Synopsis: A New Gauge for Age
We may try to hide it, but we all get older. Yet at the cellular level, it’s not clear what factors determine age. A new study of biological aging has found parallels to physical aging in glasses and other soft materials. The researchers investigated wound healing in cell cultures, finding that “older” cultures heal more slowly, just as “older” glasses relax more slowly. Based on this analogy, the team developed a model in which the age of a cellular system is related to the degree of biochemical “trapping” of cells in an arrested (nongrowing) state. They suggest that loosening this trapping mechanism could slow aging.
Yuting Lou from the University of Tokyo and colleagues performed wound healing assays, which involved scratching a thin line in the middle of a sheet of cells grown on a dish. Over time, the cells closed the wound by migrating into the open space. However, unlike conventional assays, the cells went through a controlled waiting period prior to wound creation.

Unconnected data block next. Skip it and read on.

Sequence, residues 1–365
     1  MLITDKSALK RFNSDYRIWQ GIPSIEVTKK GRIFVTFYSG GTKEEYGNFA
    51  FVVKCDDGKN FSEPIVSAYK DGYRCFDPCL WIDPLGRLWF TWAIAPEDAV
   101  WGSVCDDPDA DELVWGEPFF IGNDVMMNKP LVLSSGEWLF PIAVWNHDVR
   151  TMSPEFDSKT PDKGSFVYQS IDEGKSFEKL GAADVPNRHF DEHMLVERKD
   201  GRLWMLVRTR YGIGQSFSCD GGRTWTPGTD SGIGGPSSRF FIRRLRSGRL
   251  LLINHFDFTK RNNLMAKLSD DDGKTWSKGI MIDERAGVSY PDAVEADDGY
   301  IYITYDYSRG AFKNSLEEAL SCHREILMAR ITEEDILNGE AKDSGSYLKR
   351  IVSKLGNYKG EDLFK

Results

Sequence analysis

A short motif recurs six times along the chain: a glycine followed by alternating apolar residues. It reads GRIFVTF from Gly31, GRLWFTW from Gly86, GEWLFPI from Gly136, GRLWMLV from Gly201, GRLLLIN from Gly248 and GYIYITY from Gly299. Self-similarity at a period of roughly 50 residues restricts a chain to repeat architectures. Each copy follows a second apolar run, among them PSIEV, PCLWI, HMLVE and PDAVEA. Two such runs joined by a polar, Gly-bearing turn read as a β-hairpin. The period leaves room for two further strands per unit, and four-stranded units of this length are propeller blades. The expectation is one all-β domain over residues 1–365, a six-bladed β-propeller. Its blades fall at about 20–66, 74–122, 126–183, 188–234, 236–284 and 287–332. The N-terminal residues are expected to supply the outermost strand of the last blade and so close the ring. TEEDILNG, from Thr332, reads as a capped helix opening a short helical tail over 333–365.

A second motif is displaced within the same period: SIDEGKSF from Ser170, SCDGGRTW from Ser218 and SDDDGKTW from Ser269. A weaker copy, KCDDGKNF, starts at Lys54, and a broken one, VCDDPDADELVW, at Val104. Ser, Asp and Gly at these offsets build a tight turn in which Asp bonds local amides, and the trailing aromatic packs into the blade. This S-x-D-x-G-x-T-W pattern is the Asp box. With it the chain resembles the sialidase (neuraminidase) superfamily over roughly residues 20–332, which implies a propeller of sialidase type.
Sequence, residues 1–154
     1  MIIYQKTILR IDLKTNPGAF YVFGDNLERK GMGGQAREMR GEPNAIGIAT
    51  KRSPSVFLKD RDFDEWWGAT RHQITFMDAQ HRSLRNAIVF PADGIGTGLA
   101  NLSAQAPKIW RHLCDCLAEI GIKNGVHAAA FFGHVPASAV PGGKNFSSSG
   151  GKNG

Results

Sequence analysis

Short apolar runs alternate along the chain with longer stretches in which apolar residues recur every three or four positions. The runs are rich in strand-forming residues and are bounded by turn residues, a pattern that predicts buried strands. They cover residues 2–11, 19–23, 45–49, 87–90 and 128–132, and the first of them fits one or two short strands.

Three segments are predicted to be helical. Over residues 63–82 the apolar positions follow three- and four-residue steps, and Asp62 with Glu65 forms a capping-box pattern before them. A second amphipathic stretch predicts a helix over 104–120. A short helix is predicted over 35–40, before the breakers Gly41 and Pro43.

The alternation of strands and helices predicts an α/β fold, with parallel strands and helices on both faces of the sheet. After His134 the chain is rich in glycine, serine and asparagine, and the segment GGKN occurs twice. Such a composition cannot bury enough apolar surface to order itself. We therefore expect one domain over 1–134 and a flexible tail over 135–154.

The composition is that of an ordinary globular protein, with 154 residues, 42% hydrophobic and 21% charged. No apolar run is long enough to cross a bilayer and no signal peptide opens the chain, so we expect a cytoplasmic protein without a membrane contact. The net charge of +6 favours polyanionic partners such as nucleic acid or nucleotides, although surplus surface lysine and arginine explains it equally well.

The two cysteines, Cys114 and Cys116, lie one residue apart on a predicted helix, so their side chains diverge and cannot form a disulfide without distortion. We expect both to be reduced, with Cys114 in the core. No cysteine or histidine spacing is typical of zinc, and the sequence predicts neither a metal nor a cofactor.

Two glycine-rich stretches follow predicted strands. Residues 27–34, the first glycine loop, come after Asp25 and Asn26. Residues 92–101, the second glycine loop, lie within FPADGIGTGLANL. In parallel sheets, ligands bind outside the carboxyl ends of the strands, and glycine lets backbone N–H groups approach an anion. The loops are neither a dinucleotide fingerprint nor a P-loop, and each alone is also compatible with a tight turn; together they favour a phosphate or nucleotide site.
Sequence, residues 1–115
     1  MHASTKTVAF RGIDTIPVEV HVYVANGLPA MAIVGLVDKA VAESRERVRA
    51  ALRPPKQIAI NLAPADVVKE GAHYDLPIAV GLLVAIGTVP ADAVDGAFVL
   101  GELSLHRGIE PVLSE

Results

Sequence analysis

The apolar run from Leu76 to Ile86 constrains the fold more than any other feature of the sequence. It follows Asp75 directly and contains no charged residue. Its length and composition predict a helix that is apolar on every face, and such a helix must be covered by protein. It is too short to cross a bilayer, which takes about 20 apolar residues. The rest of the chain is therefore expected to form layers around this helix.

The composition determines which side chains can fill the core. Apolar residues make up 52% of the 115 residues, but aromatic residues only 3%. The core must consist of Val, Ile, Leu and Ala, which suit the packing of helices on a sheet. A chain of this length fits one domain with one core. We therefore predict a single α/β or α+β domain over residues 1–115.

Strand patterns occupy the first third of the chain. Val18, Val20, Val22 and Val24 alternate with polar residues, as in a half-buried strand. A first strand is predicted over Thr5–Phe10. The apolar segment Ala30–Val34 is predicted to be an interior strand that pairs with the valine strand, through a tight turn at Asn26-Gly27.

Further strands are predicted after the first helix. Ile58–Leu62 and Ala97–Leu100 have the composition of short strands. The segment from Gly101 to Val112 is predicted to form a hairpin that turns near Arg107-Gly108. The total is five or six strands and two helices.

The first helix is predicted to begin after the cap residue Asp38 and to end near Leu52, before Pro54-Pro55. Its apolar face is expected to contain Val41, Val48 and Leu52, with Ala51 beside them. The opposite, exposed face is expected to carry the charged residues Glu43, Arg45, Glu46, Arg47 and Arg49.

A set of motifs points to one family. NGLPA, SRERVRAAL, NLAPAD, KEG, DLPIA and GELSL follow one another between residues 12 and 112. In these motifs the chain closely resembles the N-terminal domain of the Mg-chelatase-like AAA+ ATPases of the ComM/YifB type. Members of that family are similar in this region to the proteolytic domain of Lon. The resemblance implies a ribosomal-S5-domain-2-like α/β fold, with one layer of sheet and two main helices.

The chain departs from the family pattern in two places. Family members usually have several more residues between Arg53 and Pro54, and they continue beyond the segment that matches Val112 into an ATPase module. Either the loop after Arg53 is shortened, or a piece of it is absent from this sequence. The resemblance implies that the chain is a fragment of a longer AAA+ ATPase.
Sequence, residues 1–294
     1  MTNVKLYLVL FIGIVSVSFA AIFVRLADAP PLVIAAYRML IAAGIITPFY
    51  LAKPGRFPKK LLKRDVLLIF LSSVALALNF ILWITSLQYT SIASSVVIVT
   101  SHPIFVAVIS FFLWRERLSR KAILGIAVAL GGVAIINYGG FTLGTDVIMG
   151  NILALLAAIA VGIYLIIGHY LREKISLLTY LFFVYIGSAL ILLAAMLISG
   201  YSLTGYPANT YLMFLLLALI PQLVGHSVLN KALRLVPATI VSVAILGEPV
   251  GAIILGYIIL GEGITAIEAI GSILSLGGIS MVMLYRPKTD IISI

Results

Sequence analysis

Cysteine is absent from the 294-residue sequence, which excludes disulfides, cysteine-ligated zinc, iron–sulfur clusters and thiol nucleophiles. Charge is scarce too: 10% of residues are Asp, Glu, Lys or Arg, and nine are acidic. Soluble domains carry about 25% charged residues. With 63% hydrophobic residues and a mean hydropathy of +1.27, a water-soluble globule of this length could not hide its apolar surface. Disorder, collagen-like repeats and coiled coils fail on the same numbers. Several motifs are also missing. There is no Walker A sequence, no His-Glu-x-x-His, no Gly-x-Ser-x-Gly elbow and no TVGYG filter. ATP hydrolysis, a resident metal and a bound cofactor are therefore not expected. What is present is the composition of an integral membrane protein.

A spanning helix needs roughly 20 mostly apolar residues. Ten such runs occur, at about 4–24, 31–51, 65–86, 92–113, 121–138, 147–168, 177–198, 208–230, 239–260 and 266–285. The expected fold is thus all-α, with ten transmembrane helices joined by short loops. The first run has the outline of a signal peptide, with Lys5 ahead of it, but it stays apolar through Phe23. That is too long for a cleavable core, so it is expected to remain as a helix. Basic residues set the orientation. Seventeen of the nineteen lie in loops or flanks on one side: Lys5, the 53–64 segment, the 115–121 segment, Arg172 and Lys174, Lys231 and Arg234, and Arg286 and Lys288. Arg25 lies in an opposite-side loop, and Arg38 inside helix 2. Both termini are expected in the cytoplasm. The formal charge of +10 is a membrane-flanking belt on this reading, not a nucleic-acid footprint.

The team found that longer waiting periods resulted in slower healing rates. To explain this aging, the team used an agent-based model, in which cells can be either in a growth state or an arrested state, depending on various environmental signals. These signals evolve with time so that it becomes harder for older cells to transition from arrested to growth states. The cells essentially become trapped in arrest and thus respond more slowly to the presence of a wound. In glasses, a similar model of potential energy traps affecting the motion of constituent particles has been used to explain why these materials become less responsive to perturbations as they age.
This research is published in Physical Review E.
Michael Schirber is a Corresponding Editor for Physics based in Lyon, France.